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When I read about this exhibition, I knew I wanted to check it out. Mat Collishaw: Thresholds is a unique recreation of William Henry Fox Talbot’s first exhibition of photographs in Birmingham in 1839. But instead of plonking down the original photos and inviting audiences to view them again, the exhibition is more daring: it uses virtual reality technology to take you back to the original exhibition.

The actual room you enter, in a corner of the New Wing at Somerset House, is stark white and filled with plain white cases. When you put on the special backpack, with glasses and headphones, however, the space is transformed. Around you is a recreation of the original exhibition space. In front of you, cases showcase the impressive photographs that were originally displayed, and you can pick them up to take a closer look. Mice run along the floor, spiders creep over the paintings, and a fire burns in the corner. Outside, you can see guards policing the streets, and towards the end of the experience you can even see and hear the Chartist protesters who rioted in 1839 on the streets of Birmingham.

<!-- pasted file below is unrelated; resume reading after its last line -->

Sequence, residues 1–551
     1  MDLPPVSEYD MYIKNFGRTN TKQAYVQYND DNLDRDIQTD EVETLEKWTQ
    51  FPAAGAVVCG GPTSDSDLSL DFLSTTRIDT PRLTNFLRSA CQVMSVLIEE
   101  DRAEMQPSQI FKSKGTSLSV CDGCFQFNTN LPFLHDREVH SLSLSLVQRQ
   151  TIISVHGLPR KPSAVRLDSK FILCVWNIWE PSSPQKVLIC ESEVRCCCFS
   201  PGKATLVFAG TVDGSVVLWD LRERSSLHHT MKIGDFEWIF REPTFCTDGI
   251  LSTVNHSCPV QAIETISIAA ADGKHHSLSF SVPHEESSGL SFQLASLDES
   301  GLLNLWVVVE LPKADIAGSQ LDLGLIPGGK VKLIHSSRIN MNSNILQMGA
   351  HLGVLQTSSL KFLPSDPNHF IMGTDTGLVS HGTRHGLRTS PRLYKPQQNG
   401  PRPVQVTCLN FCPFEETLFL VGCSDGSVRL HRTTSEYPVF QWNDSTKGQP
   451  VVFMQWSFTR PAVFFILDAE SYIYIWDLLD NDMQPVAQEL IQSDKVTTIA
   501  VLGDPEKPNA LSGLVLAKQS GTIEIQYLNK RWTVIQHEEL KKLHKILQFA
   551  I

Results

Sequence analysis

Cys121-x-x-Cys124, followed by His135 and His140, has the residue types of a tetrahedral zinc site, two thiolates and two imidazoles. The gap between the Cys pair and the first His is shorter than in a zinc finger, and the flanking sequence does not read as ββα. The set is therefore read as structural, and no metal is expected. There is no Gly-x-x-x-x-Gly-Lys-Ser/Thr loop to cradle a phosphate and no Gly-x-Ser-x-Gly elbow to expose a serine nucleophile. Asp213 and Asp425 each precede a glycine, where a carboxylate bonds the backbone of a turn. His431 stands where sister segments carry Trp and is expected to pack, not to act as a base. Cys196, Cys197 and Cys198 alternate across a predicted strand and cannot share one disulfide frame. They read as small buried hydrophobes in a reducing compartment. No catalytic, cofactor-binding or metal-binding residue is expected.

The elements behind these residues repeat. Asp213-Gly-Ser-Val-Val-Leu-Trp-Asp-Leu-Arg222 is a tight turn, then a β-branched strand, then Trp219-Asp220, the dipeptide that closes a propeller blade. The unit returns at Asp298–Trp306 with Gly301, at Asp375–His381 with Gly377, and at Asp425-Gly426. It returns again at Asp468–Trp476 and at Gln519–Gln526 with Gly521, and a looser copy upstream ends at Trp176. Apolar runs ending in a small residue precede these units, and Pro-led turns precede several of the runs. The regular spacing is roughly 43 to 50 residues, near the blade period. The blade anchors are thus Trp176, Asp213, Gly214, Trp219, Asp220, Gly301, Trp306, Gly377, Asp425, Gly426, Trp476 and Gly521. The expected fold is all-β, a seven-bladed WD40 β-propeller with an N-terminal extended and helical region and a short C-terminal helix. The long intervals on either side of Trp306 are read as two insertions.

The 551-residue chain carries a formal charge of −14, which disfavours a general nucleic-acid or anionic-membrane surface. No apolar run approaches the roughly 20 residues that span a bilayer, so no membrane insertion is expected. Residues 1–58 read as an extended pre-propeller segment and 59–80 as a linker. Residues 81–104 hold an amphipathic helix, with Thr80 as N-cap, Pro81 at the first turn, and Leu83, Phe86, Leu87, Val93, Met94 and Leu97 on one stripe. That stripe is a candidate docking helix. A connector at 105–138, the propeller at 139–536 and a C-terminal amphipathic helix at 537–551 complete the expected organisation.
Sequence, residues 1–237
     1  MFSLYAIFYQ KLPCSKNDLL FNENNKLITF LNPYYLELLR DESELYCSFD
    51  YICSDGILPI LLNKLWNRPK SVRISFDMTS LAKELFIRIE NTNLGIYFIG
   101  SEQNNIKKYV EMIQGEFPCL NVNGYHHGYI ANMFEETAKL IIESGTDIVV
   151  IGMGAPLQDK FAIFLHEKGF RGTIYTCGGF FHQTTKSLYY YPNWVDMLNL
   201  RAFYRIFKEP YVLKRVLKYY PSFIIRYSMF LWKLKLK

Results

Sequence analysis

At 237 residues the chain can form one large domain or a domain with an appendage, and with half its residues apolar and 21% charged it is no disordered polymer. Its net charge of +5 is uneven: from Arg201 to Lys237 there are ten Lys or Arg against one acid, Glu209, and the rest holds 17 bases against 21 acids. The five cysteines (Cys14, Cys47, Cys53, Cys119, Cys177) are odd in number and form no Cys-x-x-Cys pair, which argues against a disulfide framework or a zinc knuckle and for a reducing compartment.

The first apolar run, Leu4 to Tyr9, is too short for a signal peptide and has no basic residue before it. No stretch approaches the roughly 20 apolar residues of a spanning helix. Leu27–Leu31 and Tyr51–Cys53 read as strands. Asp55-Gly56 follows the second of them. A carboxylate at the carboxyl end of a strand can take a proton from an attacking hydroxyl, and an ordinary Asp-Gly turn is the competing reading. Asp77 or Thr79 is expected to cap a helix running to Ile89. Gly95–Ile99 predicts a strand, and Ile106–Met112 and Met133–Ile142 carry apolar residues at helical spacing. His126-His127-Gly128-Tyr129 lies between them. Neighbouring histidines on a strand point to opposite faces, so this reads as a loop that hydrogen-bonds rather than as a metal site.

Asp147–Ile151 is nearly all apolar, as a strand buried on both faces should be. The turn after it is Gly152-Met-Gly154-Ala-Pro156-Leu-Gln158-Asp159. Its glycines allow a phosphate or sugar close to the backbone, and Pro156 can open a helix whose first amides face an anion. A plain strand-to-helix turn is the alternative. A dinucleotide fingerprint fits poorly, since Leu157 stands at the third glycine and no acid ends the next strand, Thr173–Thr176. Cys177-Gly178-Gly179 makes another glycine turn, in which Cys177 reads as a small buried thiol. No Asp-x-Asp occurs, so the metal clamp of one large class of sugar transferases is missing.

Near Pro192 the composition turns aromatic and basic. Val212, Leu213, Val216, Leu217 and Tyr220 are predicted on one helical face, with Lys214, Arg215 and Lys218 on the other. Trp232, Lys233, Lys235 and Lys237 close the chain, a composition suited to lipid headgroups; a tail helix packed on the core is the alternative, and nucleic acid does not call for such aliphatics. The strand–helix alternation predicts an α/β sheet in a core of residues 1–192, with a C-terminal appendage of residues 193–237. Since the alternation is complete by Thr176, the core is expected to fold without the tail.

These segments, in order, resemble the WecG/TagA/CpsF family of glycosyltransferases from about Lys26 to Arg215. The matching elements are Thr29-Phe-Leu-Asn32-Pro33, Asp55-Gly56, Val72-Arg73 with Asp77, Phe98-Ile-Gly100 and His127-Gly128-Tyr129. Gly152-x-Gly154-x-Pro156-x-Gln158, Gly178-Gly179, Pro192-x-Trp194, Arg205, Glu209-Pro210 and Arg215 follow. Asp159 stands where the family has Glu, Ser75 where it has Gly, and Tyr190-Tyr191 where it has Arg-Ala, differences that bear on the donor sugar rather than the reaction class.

The actual experience lasts six minutes, though you need to allow time for the introduction and to get your equipment set up. Though short, it’s unforgettable, and its use of very modern technology reminds you of how cutting-edge the science of photography would have seemed to exhibition attendees in the mid-nineteenth century. The exhibition isn’t on for very long, but I’d urge you to catch it before 11 June.

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